Saturday, October 15, 2011

Apple Cake

The Hubs and I have been on Fall Break this week–both of our universities include, in their fall calendars, a four-day weekend at the midterm mark.  This a scheduling innovation I’d never heard of until I moved to Texas; the many universities I’d attended or taught for in the Midwest and Northwest never saw fit to break up that seemingly interminable stretch between Labor Day and Thanksgiving.  It’s been really nice to have a couple of days where the two of us could just putz around together:  reading (without the sweet sounds of Dragonball Z Budokai Tenkaichi 3 in the background), going out to a leisurely lunch, or just getting things done that needed to be done.  We took many cans of old paint to the Public Works yard, for instance, so they could be properly disposed of.

Yes, kids, this is the heady romantic adventure you’ve longed for.

Free time also means time in the kitchen–time to actually give some thought to what I might like to eat, not what’s quick and easy and won’t cause a scene at the dinner table.  I made a big batch of Butternut Squash and Apple Bisque yesterday evening, both because I’ve been a little obsessed with squash and pumpkins lately and because it makes enough soup to freeze for another meal.  But I wanted something sweet for dessert, too, and since I was already working with an apple for dinner, I decided to make this Apple Cake for dessert.

I adapted this from a Dorie Greenspan recipe that I found online, making just a few changes.  First of all, I used my usual gluten-free flour blend rather than wheat flour.  I also left out the rum in the original recipe, because I didn’t have any on hand and don’t, generally speaking, like the taste of rum.  Instead, I increased the vanilla to three teaspoons and used vanilla bean paste rather than extract.  If you don’t have vanilla bean paste in your pantry, I’d imagine the extract will work just as well.  Finally, I added a little sprinkle of turbinado sugar on top, to give the cake a deep, golden brown color after baking.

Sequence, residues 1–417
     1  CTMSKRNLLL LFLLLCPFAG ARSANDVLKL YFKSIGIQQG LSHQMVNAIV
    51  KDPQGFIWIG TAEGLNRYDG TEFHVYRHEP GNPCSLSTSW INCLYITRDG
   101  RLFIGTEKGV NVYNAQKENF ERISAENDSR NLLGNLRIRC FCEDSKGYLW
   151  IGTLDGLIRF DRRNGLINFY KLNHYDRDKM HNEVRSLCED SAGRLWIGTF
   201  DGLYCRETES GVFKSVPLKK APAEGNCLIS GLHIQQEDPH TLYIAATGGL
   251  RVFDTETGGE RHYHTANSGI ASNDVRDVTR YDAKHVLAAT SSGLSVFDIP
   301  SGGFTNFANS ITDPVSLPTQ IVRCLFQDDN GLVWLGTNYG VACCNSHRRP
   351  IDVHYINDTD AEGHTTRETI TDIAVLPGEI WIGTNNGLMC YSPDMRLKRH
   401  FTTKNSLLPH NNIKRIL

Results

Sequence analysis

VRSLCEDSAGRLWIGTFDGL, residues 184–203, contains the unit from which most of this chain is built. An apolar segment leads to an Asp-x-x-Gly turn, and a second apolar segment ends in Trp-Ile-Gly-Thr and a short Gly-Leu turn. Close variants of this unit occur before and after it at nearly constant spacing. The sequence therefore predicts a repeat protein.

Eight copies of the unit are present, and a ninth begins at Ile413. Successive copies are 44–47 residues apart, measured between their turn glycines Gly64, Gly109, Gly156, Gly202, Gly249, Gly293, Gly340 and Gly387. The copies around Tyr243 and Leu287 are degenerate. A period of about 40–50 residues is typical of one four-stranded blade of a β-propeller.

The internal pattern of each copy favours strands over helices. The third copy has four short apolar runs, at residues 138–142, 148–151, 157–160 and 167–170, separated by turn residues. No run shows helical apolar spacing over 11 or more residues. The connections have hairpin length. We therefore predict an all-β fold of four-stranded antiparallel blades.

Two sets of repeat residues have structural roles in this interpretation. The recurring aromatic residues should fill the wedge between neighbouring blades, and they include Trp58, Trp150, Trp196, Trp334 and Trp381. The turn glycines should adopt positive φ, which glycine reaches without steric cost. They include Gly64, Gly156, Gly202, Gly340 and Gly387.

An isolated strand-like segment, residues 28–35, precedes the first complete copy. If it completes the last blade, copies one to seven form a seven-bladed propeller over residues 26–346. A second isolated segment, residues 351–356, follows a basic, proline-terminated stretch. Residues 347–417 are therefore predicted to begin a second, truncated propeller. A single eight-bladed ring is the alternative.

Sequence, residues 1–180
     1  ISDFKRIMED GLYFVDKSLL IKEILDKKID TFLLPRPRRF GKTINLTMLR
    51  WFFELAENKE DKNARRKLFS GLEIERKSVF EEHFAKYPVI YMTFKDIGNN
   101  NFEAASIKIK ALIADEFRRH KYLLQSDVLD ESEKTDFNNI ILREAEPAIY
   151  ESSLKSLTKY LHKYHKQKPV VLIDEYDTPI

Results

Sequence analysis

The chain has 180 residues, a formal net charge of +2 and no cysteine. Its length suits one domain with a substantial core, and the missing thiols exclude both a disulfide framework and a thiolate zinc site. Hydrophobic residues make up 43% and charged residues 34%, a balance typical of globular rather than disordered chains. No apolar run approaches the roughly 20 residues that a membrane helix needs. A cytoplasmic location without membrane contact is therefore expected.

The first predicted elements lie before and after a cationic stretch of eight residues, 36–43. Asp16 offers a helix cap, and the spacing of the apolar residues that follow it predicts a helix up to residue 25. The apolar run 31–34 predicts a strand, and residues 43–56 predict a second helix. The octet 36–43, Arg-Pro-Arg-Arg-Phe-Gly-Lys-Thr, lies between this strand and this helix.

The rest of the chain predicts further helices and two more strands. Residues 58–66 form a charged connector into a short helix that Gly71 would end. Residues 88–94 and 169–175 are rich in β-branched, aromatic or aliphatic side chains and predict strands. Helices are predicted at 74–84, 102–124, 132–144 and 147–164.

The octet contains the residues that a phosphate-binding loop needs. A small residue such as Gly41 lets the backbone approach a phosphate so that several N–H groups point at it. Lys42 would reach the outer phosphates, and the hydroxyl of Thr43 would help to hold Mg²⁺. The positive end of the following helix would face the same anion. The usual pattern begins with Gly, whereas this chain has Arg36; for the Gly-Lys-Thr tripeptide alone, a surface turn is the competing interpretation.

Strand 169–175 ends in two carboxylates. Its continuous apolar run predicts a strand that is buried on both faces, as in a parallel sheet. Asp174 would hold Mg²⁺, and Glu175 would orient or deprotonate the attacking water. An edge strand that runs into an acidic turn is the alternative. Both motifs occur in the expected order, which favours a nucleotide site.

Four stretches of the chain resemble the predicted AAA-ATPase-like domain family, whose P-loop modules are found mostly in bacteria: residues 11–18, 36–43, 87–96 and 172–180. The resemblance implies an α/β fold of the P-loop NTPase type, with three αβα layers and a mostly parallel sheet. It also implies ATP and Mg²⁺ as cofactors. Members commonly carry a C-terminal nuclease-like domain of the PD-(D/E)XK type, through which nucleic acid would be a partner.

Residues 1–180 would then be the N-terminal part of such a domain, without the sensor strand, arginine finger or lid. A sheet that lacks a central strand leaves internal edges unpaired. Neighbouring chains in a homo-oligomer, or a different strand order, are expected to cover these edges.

One change I resisted:  I didn’t add any cinnamon to this recipe.   I could hardly believe there was an Apple Cake recipe in existence that didn’t call for cinnamon, and I wasn’t sure I’d be happy with the results, but I decided to be adventurous.  And I’m happy that I did, because the flavor of this cake is really unique:  without the cinnamon, the apples and vanilla really come through in their own lovely, quiet way.

This cake has a very moist and tender crumb.  It’s also delicious for breakfast, as The Hubs and I discovered this morning.  According to the original recipe, it will keep at room temperature for two days–but I don’t think there’s a cake known to humankind that has lasted that long in the Foodie household. This one will most certainly not be an exception.  Store the cake under a cake dome or inverted bowl rather than wrapping it in plastic–this cake is so moist that it will stick to any sort of wrapping.



Apple Cake


3/4 cup flour
3/4 tsp. baking powder
Pinch of salt
4 large apples (I used 2 Granny Smith and 2 Macintosh)
2 eggs
3/4 cup sugar
3 tsp. vanilla bean paste or vanilla extract
1 stick butter, melted and cooled


Preheat the oven to 350 degrees. Liberally butter a 9-inch springform pan; place it on a baking sheet lined with parchment paper and set it aside.

In a small bowl, stir together the flour, baking powder and salt; set aside.

Peel, core, and chop the apples into 1-inch pieces. (I peeled the apples, then used my apple slicer to core and slice them into eighths; then I cut the slices into thirds.) Set the apples aside.

In a large bowl, whisk together the eggs, sugar, and vanilla. Add half the flour mixture, then half the melted butter, whisking after each addition. Repeat this process with the rest of the flour mixture and the butter. Add the apples to the batter and use a spatula to stir everything together, coating the apple chunks with the cake batter.

Turn the batter into the prepared springform pan. Use the spatula to make sure the batter is distributed evenly, but don't worry if the top is lumpy. Bake for 50 minutes to an hour, until a knife inserted at the center comes out clean. Transfer the cake to a cooling rack let it sit for five minutes.

Run a dull knife round the edges of the cake before releasing the the sides of the springform pan. (If you see apple chunks sticking to the springform, use the knife to release them and gently stick them back where they belong.) Allow the cake to cool to room temperature before serving, so it doesn't fall apart when you slice it.

You can, of course, serve this cake with some whipped cream or ice cream, but it's pretty terrific all by itself.

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